# Calculus notation question

by 1MileCrash
Tags: calculus, notation
 P: 1,292 When one writes: $\int^{t}_{t_{0}} f(s) ds$ Do they generally mean "the antiderivative of f(t), and ignore the arbitrary constant/pick t naught so that it is 0?"
 Sci Advisor P: 6,056 Antiderivative - yes, call it F(t). The integral is F(t) - F(t0), t0 can be anything - not necessarily 0.
P: 1,292
 Quote by mathman Antiderivative - yes, call it F(t). The integral is F(t) - F(t0), t0 can be anything - not necessarily 0.
Of course it can be anything, but I was asking if nothing else is said, then I could assume they mean an antiderivative with no arbitrary constant.

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P: 21,249
Calculus notation question

 Quote by 1MileCrash When one writes: $\int^{t}_{t_{0}} f(s) ds$ Do they generally mean "the antiderivative of f(t), and ignore the arbitrary constant/pick t naught so that it is 0?"
I'm not sure you're writing what you meant to. The above is the definite integral of f over the interval [t0, t].

If F is an antiderivative of f, then the value of the integral is F(t) - F(t0. t0 might or might not be zero, and F(t0) might or might not be zero.

$$\frac{d}{dt}\int^{t}_{t_{0}} f(s) ds$$
then that evaluates to f(t).
P: 1,292
 Quote by Mark44 If you're talking about this, however, $$\frac{d}{dt}\int^{t}_{t_{0}} f(s) ds$$ then that evaluates to f(t).

Actually, I'm talking about what I wrote.

I am aware that f(t0) may be 11, 42, grahams number, or batman riding a trex. I am asking if the designation of "tee naught" is commonly taken as an obvious intent to notate an antiderivative with no arbitrary constant. I don't know a better way to ask my question.
 P: 1,292 http://en.wikipedia.org/wiki/Integrating_factor Here is a very straight forward and common use of the notation. I'm asking if this is a routine and acceptable way to say "take the antiderivative and don't give me an arbitrary constant" since as far as I know, there is no other way to say that. I'm asking if I wrote that in a proof, people would know what I am talking about, but judging by the responses, the answer is no.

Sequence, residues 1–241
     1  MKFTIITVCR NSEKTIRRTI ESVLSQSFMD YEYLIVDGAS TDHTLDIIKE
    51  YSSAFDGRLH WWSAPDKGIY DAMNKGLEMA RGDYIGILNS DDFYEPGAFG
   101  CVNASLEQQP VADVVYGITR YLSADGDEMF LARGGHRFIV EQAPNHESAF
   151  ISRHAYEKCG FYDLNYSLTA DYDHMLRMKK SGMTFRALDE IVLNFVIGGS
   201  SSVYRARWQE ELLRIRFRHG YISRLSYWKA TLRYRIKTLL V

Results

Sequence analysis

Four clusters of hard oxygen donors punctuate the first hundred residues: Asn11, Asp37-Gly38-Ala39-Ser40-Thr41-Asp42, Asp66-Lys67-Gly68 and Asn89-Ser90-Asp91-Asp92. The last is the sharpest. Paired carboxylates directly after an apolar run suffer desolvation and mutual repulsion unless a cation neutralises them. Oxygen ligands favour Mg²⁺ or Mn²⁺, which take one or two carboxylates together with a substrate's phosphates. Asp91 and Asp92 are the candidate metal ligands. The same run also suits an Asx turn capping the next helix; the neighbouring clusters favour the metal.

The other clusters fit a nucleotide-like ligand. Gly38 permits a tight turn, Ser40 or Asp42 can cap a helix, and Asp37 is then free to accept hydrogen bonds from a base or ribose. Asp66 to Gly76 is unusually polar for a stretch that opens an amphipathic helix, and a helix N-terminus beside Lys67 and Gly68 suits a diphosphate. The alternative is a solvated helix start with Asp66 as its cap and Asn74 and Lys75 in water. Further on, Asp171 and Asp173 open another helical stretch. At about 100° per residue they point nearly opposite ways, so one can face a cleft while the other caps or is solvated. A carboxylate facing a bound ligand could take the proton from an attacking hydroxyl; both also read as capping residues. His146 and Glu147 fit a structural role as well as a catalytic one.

Math Emeritus Sci Advisor Thanks PF Gold P: 39,488 The problem is a "floating pronoun". You ask if, in $$\int_{x_0}^x f(t) dt$$, "ignore the arbitrary constant/pick t naught so that it is 0?" What does "it" refer to? If F(t) is an anti-derivative of f(t), then the integral is F(x)- F(x_0) so, at $x= x_0$, the value of the function is 0. But you certainly cannot "pick t naught so that it is 0?" You cannot pick $t_0$, it is given in the integral.
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P: 21,249
 Quote by 1MileCrash http://en.wikipedia.org/wiki/Integrating_factor Here is a very straight forward and common use of the notation. I'm asking if this is a routine and acceptable way to say "take the antiderivative and don't give me an arbitrary constant" since as far as I know, there is no other way to say that. I'm asking if I wrote that in a proof, people would know what I am talking about, but judging by the responses, the answer is no.
Near the top in the wiki article, they have this. (I made one change, from P(s) to p(s). You'll see why in a minute.)
$$M(x) = e^{\int_{s_0}^x p(s)ds}$$

Let's assume that P(s) is an antiderivative of p(s).

Then the exponent on e is
$$\left. P(s)\right|_{s_0}^x = P(x) - P(s_0)$$

So M(x) = eP(x) - P(s0) = eP(x)/eP(s0)

Since P(s0) is just a constant, we can write M(x) = KeP(x), where K = 1/eP(s0).

If you have an integrating factor, then a constant multiple of it will also work, so we can ignore the K.

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